US 5146233 A
The antenna has a support with a metallic structure and cables. In order to give the antenna good resistance to wind, it is made by means of rigid half-wave dipoles and these dipoles are mounted directly on the mechanical structure.
1. A rotating HF antenna for transmitting in a HF wave mode comprising:
a rotating support including:
a vertical central mast;
a plurality of substantially horizontal lateral beams, each of the beams having a free end and a further end for attachment to the central mast;
means for attaching each of the further ends of the lateral beams to the central mast;
a plurality of stays each having one end attached at one of the lateral beams and a further end attached to the central mast; and
a plurality of substantially horizontal arms extending perpendicular to an associated one of the lateral beams, each arm having a first end attached to one of the plurality of lateral beams and a second end for attachment to an array of rigid, half-wave dipoles;
n arrays of rigid half-wave dipoles, wherein n is a whole number, each dipole of a given one of the n arrays of rigid, half-wave dipoles being individually connected to the second end of one of the plurality of substantially horizontal arms at a connection point, each dipole having at least one feeding point;
s vertical plane reflectors, formed by horizontal wires, each of the plane reflectors being associated with at least one of the n arrays of dipoles, wherein s is not more than n; and
means for attaching the vertical plane reflectors to at least some of the lateral beams;
2. A rotating antenna according to claim 1, wherein each of the stays is arranged obliquely between an associated beam and the central mast.
3. A rotating antenna according to claim 1, further comprising means for attaching the vertical plane reflectors to the central mast.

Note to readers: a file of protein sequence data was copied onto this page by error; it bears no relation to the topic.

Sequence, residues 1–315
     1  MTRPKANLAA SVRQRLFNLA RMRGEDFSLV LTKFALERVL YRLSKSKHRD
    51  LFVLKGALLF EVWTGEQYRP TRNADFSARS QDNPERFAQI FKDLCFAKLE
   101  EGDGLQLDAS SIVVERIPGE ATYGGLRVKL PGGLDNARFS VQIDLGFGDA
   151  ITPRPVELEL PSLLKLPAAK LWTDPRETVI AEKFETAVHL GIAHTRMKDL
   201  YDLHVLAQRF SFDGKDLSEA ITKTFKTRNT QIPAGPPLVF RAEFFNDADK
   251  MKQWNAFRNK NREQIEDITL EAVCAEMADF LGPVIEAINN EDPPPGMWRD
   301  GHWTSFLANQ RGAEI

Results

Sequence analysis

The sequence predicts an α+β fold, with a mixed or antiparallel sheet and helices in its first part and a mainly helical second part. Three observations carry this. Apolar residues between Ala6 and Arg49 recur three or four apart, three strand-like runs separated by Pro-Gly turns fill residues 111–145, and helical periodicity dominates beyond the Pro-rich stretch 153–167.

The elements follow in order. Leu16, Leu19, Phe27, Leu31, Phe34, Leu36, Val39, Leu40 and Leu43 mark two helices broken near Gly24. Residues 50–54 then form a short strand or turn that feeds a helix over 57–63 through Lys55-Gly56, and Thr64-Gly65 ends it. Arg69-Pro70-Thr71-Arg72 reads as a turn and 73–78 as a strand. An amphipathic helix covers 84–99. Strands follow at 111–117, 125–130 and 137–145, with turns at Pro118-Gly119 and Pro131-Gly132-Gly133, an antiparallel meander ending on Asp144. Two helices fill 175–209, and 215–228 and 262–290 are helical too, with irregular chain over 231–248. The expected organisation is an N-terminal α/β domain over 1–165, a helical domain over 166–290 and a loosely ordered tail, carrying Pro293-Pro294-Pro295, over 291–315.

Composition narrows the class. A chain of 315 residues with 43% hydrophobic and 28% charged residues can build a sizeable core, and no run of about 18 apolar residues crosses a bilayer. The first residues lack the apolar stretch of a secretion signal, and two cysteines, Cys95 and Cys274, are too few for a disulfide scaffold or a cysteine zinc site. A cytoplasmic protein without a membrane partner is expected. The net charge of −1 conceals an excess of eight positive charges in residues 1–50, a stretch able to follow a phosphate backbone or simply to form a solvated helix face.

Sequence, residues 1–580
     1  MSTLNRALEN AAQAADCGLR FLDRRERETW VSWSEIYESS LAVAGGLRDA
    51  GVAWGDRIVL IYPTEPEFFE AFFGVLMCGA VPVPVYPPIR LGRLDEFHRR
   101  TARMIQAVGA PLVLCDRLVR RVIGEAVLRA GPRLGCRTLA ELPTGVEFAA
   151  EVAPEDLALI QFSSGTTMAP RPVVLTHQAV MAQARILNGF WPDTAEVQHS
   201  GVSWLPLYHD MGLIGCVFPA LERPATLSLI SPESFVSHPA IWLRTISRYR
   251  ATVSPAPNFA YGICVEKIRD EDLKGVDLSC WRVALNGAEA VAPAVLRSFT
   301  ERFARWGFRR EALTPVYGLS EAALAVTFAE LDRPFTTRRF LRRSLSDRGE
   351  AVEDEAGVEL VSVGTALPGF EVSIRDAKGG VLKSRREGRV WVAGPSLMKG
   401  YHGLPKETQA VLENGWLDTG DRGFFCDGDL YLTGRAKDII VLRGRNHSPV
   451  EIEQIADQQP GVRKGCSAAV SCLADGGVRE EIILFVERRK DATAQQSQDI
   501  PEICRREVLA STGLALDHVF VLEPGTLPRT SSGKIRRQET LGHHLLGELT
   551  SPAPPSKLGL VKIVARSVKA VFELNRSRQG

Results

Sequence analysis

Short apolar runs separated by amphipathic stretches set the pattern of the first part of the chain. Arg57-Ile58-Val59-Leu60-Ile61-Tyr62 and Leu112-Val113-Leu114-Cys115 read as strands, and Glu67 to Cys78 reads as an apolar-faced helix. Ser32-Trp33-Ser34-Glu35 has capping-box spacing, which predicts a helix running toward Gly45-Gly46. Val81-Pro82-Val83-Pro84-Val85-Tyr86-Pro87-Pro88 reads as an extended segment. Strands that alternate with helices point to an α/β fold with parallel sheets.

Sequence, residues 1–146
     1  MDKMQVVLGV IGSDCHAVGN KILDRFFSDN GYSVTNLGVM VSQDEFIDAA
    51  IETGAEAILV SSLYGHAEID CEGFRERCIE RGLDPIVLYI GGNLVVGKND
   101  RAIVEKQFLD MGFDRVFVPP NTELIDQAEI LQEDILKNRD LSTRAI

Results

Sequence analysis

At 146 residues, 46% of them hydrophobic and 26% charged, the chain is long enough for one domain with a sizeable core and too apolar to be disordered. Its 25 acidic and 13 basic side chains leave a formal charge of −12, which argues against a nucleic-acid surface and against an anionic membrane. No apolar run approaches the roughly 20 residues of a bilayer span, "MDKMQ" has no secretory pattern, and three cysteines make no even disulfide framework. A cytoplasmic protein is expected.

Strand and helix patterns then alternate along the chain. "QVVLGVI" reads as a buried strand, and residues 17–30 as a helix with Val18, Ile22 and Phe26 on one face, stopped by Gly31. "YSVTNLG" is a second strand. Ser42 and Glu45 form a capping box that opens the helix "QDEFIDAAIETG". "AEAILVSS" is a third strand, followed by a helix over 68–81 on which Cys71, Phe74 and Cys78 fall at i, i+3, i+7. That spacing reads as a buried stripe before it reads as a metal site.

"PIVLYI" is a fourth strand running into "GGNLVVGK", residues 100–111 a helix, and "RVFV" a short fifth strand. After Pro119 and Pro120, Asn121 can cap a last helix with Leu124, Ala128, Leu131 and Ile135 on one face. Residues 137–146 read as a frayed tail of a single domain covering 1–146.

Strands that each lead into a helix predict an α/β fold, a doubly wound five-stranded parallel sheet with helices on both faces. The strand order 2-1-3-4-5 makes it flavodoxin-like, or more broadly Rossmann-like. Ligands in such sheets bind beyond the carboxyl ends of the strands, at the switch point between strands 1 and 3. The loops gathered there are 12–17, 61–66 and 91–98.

4. A rotating antenna according to claim 1, wherein at least one of the n arrays of dipoles comprises horizontal lines of dipoles having an odd number of dipoles per line.
5. A rotating antenna according to claim 1, wherein the means for attaching each of the further ends of the lateral beams to the central mast includes a horizontal shaft, fixedly joined to the mast, about which an associated lateral beam is rotatable.
1. Field of the Invention
The present invention pertains to antennas having a rotating support on which there is mounted at least one vertical array of radiating dipoles and at least one vertical reflector formed by wires.
2. Description of the Prior Art
Antennas such as these are known and are used in the field of HF waves. In the case of two arrays of dipoles, these antennas most usually have only one feeder line which generally goes through the support and feeds either of the two arrays by means of a switch-over unit.
The azimuthal angle of aim of prior art antennas can be easily adjusted in any direction by rotating the support. The angle of aim in elevation and the configuration of the antenna can be adjusted by means of switch-over devices enabling the connection, as desired, of all or a part of the dipoles of one and the same array of dipoles.